The Russia-Ukraine war is causing food shortages in Africa and now the US is moving to help bridge the impending food crisis. Is it a goodwill gesture or a power play?
What most people don’t know is that, Africa is heavily dependent on cereal from Russia and Ukraine to bridge its annual demand gap. However, thanks to the war, Africa is short by a whopping 30 million metric tons of cereals; if the gap is not covered, people will starve.
Both the US and Russia have offered Africa some kind of strategic alliance proposal with each pledging to be the better partner for the continent. After their proposals, they both have invited African leaders for a trade and political relation summit, the US in December, Russia sometime next year.
- Africa is 30 million metric tonnes short of cereals
- US commits US$4.5 billion to address global food security
- Africa still does not meet the 10% Maputo commitment to agriculture
Meanwhile, Africa is looking to take pre-emptive action to avert the inevitable food crisis.
The United States has pledged support to help the continent grow and distribute more food. The aid will come through the African Development Bank (AfDB). The Bank is looking to fund a significant increase in food production in an effort to ward off the food crisis wrought by the Russia-Ukraine war.
In May this year, the AfDB set up a US$1.5 billion African Emergency Food Production Facility. It was established with the aim of supporting some 20 million smallholder farmers produce more food and to do so more sustainably.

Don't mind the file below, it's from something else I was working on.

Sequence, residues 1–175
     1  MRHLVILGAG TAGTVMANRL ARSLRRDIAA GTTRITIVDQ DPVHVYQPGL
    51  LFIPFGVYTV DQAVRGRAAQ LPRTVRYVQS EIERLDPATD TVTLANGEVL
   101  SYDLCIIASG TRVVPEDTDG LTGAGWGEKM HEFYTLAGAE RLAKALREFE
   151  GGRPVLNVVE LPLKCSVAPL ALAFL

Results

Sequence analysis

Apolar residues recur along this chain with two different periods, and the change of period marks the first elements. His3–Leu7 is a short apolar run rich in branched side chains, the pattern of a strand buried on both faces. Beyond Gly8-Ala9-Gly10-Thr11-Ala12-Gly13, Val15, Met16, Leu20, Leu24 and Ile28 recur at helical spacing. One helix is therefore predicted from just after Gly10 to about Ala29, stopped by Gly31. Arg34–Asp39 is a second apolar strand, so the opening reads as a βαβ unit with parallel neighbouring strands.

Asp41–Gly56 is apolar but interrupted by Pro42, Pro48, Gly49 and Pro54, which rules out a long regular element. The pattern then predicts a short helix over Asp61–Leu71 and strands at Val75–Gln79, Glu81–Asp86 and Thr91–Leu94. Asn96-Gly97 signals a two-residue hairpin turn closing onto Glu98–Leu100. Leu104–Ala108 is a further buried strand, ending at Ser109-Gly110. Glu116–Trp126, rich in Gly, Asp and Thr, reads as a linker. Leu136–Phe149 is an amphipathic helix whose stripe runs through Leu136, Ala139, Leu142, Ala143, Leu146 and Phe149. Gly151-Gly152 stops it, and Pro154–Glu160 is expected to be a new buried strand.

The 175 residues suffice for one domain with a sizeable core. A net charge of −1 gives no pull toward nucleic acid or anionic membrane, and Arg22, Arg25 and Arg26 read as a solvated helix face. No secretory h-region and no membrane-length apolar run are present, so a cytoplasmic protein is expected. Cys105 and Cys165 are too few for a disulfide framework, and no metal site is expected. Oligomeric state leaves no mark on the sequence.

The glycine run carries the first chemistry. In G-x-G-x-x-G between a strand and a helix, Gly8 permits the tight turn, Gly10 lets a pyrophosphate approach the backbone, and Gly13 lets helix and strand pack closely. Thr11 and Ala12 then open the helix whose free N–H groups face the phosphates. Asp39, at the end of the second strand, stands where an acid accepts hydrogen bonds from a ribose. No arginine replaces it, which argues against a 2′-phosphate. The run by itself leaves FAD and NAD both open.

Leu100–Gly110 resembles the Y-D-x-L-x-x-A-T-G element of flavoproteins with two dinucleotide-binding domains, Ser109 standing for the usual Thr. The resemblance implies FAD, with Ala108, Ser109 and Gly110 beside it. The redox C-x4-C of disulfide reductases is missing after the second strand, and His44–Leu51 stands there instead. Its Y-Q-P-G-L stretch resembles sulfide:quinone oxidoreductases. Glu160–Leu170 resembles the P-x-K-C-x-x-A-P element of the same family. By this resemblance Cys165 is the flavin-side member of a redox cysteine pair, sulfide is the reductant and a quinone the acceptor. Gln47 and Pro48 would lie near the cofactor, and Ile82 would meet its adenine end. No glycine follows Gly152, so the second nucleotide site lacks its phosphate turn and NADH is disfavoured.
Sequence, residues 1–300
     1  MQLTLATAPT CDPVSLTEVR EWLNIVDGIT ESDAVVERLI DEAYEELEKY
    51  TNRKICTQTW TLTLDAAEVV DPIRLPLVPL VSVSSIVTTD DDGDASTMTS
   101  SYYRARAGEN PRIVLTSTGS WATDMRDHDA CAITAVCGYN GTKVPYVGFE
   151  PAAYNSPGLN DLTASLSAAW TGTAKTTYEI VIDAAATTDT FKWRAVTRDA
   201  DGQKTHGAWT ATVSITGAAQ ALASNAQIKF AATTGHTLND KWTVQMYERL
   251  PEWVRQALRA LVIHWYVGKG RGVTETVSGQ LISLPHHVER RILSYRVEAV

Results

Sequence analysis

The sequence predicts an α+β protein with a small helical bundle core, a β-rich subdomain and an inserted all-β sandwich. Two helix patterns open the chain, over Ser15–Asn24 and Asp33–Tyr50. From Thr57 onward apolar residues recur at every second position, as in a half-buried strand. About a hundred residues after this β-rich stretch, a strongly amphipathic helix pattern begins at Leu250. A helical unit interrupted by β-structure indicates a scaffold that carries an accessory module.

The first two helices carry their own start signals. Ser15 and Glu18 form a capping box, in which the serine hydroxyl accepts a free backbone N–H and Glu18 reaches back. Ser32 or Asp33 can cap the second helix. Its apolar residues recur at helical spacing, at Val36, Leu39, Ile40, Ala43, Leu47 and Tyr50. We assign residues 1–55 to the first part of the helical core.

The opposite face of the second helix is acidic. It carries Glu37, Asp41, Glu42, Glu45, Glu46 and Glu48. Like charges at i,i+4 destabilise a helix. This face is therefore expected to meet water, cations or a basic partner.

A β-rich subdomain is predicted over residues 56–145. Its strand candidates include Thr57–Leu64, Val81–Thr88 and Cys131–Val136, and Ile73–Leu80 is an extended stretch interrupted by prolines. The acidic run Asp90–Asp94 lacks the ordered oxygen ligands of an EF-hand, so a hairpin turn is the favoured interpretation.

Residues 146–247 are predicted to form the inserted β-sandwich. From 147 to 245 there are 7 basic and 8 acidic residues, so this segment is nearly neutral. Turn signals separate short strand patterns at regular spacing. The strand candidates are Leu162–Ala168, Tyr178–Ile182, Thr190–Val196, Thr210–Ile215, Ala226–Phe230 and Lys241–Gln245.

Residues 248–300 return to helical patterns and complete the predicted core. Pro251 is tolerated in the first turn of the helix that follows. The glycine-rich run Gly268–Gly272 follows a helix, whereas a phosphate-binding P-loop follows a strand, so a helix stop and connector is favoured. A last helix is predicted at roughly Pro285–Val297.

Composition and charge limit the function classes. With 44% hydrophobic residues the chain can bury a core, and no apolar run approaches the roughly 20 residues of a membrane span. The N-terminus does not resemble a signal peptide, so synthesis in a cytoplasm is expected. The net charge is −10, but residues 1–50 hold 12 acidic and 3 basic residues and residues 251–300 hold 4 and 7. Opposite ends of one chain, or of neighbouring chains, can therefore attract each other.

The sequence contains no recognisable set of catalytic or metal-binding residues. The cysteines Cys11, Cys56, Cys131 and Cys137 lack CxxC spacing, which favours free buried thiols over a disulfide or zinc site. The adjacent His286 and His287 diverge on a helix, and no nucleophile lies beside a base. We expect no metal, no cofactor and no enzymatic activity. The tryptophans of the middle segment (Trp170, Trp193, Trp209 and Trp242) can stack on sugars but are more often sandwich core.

According to the Bank officials, the money will increase access to climate-smart and certified cereals and subsidize other agro-inputs like fertilizer and extension services.
Should the initiative work, the AfDB hopes to increase food production by some 38 million tonnes over the next four farming seasons. Now here is some food for thought, the investment pledged is US$1.5 billion but the four harvests are valued at over US$12 billion. The US wants to be part of this solution for Africa.
The US made its intention clear at that G7 summit where President Joe Biden led the other G7 leaders to contribute US$4.5 billion not just for Africa but ‘to address global food security.’
Taking the lead, the United States footed half of that commitment US$760 million, ‘to combat the effects of high food, fuel, and war-driven fertilizer prices in those countries that need this support most.’
Also, to help Africa address severe food insecurity that is caused by extreme weather events, the United States is willing to back the African Development Bank’s Africa Disaster Risk Financing programme.
The disaster programme supports African governments’ response to such disasters by providing access to drought and flood insurance. On behalf of Africa, the AfDB was more than happy to accept US support.
“I am delighted about the significant announcement and contributions made by President Joe Biden…to address global food security,” local media quoted Dr. Akinwumi Adesina, President of the African Development Bank.
He underscored that the US government’s response to the global food security challenge is, in his words, ‘…a tremendous boost to our efforts and other institutions who are working hard to support African countries at this particular time of need.’